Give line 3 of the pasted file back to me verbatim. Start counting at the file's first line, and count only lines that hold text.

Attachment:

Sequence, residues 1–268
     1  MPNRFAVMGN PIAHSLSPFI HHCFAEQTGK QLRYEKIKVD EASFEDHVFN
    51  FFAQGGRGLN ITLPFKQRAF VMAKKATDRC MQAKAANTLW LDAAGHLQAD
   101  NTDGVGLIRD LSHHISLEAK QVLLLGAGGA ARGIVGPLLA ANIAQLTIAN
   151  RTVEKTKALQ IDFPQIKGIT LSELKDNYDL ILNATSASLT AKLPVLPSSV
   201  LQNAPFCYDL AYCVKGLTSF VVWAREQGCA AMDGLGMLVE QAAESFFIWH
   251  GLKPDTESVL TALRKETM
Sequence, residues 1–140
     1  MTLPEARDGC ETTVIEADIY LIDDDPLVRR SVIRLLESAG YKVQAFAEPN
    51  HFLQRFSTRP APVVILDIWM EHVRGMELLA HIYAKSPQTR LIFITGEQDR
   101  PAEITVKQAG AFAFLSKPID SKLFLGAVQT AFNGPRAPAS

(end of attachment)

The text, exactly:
    51  FFAQGGRGLN ITLPFKQRAF VMAKKATDRC MQAKAANTLW LDAAGHLQAD